1969 EC-121 Shootdown
 
	To: Korean-War-List  
	Subject: 1969 EC-121 Shootdown 
	From: "Matthew M. Aid"  
	Date: Sun, 22 Apr 2001 19:44:54 -0400 
	Reply-To: KOREAN-WAR-L@listproc.cc.ku.edu 
	Sender: owner-KOREAN-WAR-L@listproc.cc.ku.edu 
 
Dear One and All: 

Here is a quick summary of the 1969 EC-121 shootdown by the North Koreans. 

Matthew Aid     

On Monday, April 14, 1969 at 5:00 PM EST (1544Z), a Navy EC-121M 
reconnaissance aircraft (PR-21/BuNo 135749) of Fleet Air Reconnaissance 
Squadron One (VQ-1) with a crew of 31, including nine Naval Security Group 
(NAVSECGRU) and Marine linguists, took off from Atsugi Naval Air Station, 
Japan on a routine Beggar Shadow SIGINT collection mission over the Sea of 
Japan. The EC-121M had been directed to proceed to a point off the Musu 
Peninsula, where the aircraft was to orbit for several hours along a 120-mile 
long "track," then land at Osan Air Base in South Korea. The aircraft 
commander had been ordered not to come any closer than 50 nautical miles 
to the North Korean coastline. This particular route had been flown by VQ-1 
EC-121Ms for two years without incident, and the mission had been graded as 
being "minimal risk." More than 190 similar missions had been previously 
flow by Navy and Air Force reconnaissance aircraft off North Korea's east 
coast during the first three months of 1969, all without incident. Six hours 
after takeoff, the crew of the EC-121M transmitted a routine radio-teletype 
activity report at 11:00 PM EST, then disappeared off USAF radar screens at 
11:50 PM EST, 90 miles southeast of the North Korean port of Chongjin.The 
EC-121M mission had been monitored from the ground by Air Force radar 
sites in Japan and South Korea, as well as by the USAFSS 6918th Security 
Squadron at Hakata, Japan and Detachment 1, 6922nd Security Wing at Osan 
Air Base, Korea (USA-31), which followed the flight by intercepting North 
Korean air defense radar tracking transmissions. Air Force radars and 
USAFSS COMINT intercept operators in Korea had detected two NKAF MiGs flying 
towards the unarmed EC-121 prior the plane's disappearance. In addition, 
the intercept operators at the USAFSS listening post at Osan, South Korea, 
who were copying North Korean voice and morse air defense radio traffic, 
tracked the flight path of the EC-121 aircraft as well as the intercept 
course of the North Korean fighters. The NAVSECGRU listening post at 
Kamiseya in Japan was also intercepting Russian PVO radar tracking of the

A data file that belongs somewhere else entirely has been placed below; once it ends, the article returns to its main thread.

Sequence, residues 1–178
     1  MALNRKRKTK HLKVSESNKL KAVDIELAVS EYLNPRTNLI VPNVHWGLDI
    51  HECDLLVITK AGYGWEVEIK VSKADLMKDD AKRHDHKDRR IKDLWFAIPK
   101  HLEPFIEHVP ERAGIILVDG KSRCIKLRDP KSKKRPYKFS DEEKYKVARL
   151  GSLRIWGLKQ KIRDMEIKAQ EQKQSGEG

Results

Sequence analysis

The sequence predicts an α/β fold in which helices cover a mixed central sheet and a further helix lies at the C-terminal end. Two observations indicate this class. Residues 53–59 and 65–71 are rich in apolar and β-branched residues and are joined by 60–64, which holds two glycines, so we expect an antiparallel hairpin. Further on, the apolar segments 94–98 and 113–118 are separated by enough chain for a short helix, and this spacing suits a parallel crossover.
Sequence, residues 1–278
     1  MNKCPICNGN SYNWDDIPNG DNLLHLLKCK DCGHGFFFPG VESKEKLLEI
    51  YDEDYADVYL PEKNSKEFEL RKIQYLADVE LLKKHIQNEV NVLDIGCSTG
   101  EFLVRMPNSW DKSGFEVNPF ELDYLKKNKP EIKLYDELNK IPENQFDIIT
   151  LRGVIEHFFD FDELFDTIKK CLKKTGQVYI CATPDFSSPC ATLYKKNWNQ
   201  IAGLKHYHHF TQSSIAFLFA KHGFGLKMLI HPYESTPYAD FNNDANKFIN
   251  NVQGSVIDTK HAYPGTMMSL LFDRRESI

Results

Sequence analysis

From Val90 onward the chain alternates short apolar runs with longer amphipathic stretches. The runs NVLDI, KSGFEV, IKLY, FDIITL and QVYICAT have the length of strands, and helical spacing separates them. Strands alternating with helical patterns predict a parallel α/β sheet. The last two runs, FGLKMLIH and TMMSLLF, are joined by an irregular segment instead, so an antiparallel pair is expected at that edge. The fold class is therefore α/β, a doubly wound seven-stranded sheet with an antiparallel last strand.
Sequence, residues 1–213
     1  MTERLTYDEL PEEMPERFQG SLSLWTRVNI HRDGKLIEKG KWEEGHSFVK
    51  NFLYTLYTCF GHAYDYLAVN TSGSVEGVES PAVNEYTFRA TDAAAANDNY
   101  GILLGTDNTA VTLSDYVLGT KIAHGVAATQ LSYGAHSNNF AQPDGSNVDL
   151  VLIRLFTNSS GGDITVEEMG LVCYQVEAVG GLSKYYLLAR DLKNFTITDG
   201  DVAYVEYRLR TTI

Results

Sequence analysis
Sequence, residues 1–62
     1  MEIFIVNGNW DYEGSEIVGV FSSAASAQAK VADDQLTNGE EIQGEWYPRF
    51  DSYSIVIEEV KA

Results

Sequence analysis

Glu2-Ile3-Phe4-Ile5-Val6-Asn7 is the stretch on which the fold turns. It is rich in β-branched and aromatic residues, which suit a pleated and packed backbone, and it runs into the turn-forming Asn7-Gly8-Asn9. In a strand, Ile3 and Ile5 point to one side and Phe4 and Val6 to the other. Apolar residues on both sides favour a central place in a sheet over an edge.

EC-121M mission, giving NSA two sources of information as to the flight path 
of the aircraft. The USAFSS listening post at Osan attempted to warn the 
aircraft's commander by transmitting a mission abort signal at 11:46 PM EST. 
But the MiGs caught up with the slow flying aircraft as it turned for home 
90 miles southeast of the North Korean port city of Chongjin, and the MiGs 
shot the EC-121 down at 11:47 PM EST. All 31 crewmembers were killed, 
including nine NAVSECGRU cryptologists. The bodies of only two of the crew 
were ever recovered. The USAFSS listening post at Osan (SIGAD USA-31) issued 
a CRITIC message on the incident at 5:44 AM GMT on April 15, 1969.  President 
Nixon order an immediate halt of all aerial reconnaissance missions in the 
Sea of Japan, but rescinded his order three days later, this time ordering 
that all peripheral reconnaissance missions off North Korea be accompanied 
by fighter escorts. According to one source, an NSA review of COMINT 
intercepts of North Korean Air Force ground-to-air radio traffic from the 
USAFSS listening post at Osan showed that the shootdown had resulted from a 
command and control error between the North Korean ground controller and the 
fighter pilot. Other NSA intercepts showed that the Soviets were shocked 
by the North Korean action, so much so that Russian warships were sent to 
the crash site to help American ships search for survivors. President Nixon's 
revelation that NSA had successfully monitored both the North Korean and 
Russian air defense tracking nets caused both nations to immediately change 
all of their radio frequencies, operating procedures and crypto systems 
in use at the time. It took NSA's cryptologists months to get back to the 
point where they were prior to Nixon's press conference.